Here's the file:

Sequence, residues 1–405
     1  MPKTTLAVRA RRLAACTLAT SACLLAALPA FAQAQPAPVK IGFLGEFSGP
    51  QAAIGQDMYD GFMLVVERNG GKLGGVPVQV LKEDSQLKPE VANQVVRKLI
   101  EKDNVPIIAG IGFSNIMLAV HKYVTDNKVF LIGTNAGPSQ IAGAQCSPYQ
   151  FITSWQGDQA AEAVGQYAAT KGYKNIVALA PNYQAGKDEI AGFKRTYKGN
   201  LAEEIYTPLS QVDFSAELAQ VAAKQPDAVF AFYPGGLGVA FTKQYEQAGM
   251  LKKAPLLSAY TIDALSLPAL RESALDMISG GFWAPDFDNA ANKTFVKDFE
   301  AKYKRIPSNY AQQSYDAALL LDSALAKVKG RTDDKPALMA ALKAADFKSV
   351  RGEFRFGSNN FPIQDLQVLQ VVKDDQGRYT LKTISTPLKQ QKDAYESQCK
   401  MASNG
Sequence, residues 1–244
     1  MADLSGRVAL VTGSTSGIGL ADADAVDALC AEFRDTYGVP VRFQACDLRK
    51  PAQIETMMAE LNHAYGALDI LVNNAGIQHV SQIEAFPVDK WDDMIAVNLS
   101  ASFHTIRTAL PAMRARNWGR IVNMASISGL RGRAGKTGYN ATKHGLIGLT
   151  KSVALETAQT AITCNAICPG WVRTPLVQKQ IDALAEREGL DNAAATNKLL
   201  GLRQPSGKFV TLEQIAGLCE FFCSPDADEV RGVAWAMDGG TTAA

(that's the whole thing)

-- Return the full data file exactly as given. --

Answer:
Sequence, residues 1–405
     1  MPKTTLAVRA RRLAACTLAT SACLLAALPA FAQAQPAPVK IGFLGEFSGP
    51  QAAIGQDMYD GFMLVVERNG GKLGGVPVQV LKEDSQLKPE VANQVVRKLI
   101  EKDNVPIIAG IGFSNIMLAV HKYVTDNKVF LIGTNAGPSQ IAGAQCSPYQ
   151  FITSWQGDQA AEAVGQYAAT KGYKNIVALA PNYQAGKDEI AGFKRTYKGN
   201  LAEEIYTPLS QVDFSAELAQ VAAKQPDAVF AFYPGGLGVA FTKQYEQAGM
   251  LKKAPLLSAY TIDALSLPAL RESALDMISG GFWAPDFDNA ANKTFVKDFE
   301  AKYKRIPSNY AQQSYDAALL LDSALAKVKG RTDDKPALMA ALKAADFKSV
   351  RGEFRFGSNN FPIQDLQVLQ VVKDDQGRYT LKTISTPLKQ QKDAYESQCK
   401  MASNG
Sequence, residues 1–244
     1  MADLSGRVAL VTGSTSGIGL ADADAVDALC AEFRDTYGVP VRFQACDLRK
    51  PAQIETMMAE LNHAYGALDI LVNNAGIQHV SQIEAFPVDK WDDMIAVNLS
   101  ASFHTIRTAL PAMRARNWGR IVNMASISGL RGRAGKTGYN ATKHGLIGLT
   151  KSVALETAQT AITCNAICPG WVRTPLVQKQ IDALAEREGL DNAAATNKLL
   201  GLRQPSGKFV TLEQIAGLCE FFCSPDADEV RGVAWAMDGG TTAA